Isn’t it amazing how the universe offers us those beautiful gifts, provided we are willing to take that one small step in faith to further take those giant leaps towards our destiny?  Isn’t this what happens in our coaching conversation with our clients, when one individual takes that one step in an unexplored territory with the coach, to find his/her own answers?

As we celebrate the International Coaching Week 2014, I thought it most appropriate to share how consistent small steps make a difference, a difference that shapes and enriches life in the direction of our destiny.

We, at ICF Hyderabad Chapter, are taking that one small step forward in the form of this blog to take it to new heights. Post the success of the coaching conference ‘Coaching for Growth in Asia’ held in Hyderabad on 14 February 2014, this is another initiative of ours. We are hopeful that the faint light will soon smile upon us and eventually open up into the vibrant sunlight. We have the trust, faith and willingness to serve in the best possible manner. Take one small step with us and explore that unexplored bright new world.

Keep Inspiring- Keep Growing!

Gaurav Arora

GRVpic_blogGaurav Arora is a Professional Certified Coach,and is currently the President of ICF HyderabadChapter– The only charter chapter in India and also on the Editorial Board of the ICF Hyderabad Chapter. He is also the Director – Coaching Council, The Conference Board. He is also a host of an online talk show ‘Coaching Matters’ – An exclusive show for the aspiring and     credentialed coaches. He is an expert in Leadership Coaching and Team Coaching. Linkedin Profile.

3 Ways to help your community experience Coaching

 

With more than 25,000 members in 100-plus countries around the world, the International Coach Federation is a truly global organization. However, thanks to the efforts of ICF Chapters, such as ICF Hyderabad, we are able to have a local impact, leveraging the power of coaching in individual communities around the world.

As we celebrate International Coaching Week (ICW) 2014, I invite you to help increase the visibility, impact and understanding of coaching in your community by helping the members of your personal and professional network “Experience Coaching” firsthand.

Here are three ways that you can help your community experience coaching during ICW:

  1. Share the gift of pro bono coaching. Volunteer your time and talents and provide coaching services, free of charge, to members of your community. During ICW, some coaches set up “coaching cafes”—free, impromptu laser coaching sessions at a local coffee shop or other gathering place. You can also reach out to a local school, university or nonprofit organization to find out if an individual or group of individuals could benefit from your coaching services.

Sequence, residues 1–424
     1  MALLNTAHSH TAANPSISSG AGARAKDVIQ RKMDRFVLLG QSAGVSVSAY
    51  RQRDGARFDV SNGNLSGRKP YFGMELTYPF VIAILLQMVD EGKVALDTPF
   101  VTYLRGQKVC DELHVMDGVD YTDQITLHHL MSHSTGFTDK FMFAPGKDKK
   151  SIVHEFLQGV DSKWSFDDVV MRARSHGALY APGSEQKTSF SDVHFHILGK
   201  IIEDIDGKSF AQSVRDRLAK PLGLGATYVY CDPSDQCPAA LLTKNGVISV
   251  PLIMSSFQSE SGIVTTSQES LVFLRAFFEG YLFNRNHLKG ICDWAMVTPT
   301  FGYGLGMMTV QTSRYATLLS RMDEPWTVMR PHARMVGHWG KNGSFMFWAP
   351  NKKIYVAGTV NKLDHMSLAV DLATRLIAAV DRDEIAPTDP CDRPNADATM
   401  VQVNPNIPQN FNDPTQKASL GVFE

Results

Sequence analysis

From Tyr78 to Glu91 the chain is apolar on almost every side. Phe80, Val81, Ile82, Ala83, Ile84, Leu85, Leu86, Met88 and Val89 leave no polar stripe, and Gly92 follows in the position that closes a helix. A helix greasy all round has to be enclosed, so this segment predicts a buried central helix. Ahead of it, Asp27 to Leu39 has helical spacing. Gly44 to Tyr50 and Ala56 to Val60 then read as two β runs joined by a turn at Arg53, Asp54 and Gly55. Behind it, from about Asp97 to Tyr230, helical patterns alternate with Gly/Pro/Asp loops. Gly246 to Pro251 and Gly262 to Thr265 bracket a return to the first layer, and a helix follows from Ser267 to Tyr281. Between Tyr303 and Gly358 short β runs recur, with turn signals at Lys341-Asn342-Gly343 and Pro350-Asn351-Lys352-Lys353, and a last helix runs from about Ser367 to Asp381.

2. Spread the word about professional coaching. Help share the benefits of professional coaching—and clear up misconceptions about what coaching is and is not—by giving a public presentation, writing a letter to the editor of a local newspaper or publishing a coaching-themed post on your own blog during ICW.
  3. Network with the business community. You already know that professional coaching can develop stronger leaders, better communicators, more productive employees and increasingly positive people. Share this knowledge with members of the business community by attending local networking events. You could even partner with your fellow coaches to host a networking reception for local professionals where you share information about the benefits of coaching and offer demonstrations of masterful coaching.

Damian1

Damian Goldvarg

2014 ICF Global Chair Damian Goldvarg, Ph.D., MCC, has more than 15 years of experience as an Executive Coach working   with individuals and organizations around the globe. He is an expert in cultural competence and in the development of minority executives in the United States. Connect with him on LinkedIn.